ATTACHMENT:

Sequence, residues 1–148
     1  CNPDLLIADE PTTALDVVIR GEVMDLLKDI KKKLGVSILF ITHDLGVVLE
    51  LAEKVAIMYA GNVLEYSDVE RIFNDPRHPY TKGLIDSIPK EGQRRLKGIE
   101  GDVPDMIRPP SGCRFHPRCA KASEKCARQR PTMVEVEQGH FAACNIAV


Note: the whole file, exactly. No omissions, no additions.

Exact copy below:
Sequence, residues 1–148
     1  CNPDLLIADE PTTALDVVIR GEVMDLLKDI KKKLGVSILF ITHDLGVVLE
    51  LAEKVAIMYA GNVLEYSDVE RIFNDPRHPY TKGLIDSIPK EGQRRLKGIE
   101  GDVPDMIRPP SGCRFHPRCA KASEKCARQR PTMVEVEQGH FAACNIAV